Welcome to my blog wich opens up my studio. Check out my projects, inspiration and sketchbook. I hope you enjoy... Sarah

Hard Hat Research..

As part of my research for the cornish project currently in progress, I put on a hard hat at the most amazing resource that I could have wished for: GEEVOR TIN MUSEUM

The perfect destination to inspire designs based on the mines and Cornish Tin Industry.

I visited on the MOST beautiful day and the setting of the coastal setting of the old mine was breathtaking.

Here are some snaps of the machinery and things that caught my eye…

Fabulous steel and wooden architecture – still standing proud despite the mines closure in the 1990's Thatcher's Britain.

Amazing shapes within so many of the  industrial components that are part of the mine's heritage.

Sample Storage: Following preparation and assaying the remaining samples were stored on these shelves.

At the height of the operating mine there would have been approx 10,000 samples.

Absolutely love this huge cog with it's rusting paint and well worn history, a great item for design inspiration…

Here's some sketch book work using images and ideas gleaned from the visit..

The Dry was the area where the miners would change, shower and have a cupper after the gruelling shifts underground.

The clocking in and out tabs that now have an eerie emptyness once the mines were closed after much local protest The museum is in effect the whole mine open for discovery, from everyday items like this box of explosive to the changing rooms and engineering sheds, the amount of information and really interesting history is incredible….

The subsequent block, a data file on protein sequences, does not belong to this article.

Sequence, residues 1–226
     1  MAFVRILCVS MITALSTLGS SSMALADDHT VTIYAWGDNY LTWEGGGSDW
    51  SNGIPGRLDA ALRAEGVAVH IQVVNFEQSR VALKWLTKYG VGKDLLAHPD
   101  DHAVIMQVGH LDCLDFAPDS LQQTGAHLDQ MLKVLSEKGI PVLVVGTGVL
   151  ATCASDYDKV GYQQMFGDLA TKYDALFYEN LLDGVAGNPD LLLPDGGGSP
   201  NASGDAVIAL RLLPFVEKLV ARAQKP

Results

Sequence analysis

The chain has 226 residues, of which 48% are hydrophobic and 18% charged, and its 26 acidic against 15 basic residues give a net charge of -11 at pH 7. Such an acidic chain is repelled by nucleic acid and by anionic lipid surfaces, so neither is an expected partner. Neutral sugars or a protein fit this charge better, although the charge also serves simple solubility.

The next part was to don my hard hat and go down into the mine itself!

The majority of the mining was operated below the sea level, for my little visit we remained on land and entered through a tiny doorway that brought home how rudimental the equipment was and what basic facilities the men and boys used…

Once inside it was very tight, dark, cold and eerie, of course when the mines were open there would have beed a tremendous amount of noise to add to the mix.

Basic tools for a highly skilled job!

Above all and beyond the fascinationg insight into the lives of the miners and their families, I found the museum gave a real taste of the enormity of the community that lived, worked, breathed and died from the mining industry. I was moved by much of the personal accounts displayed for visitors and the film outlining the struggle that failed to keep the mine open…

If you'd like to visit or find out more click on this link to the excellent website GEEVOR MINING MUSEUM

 

 

 

 

 

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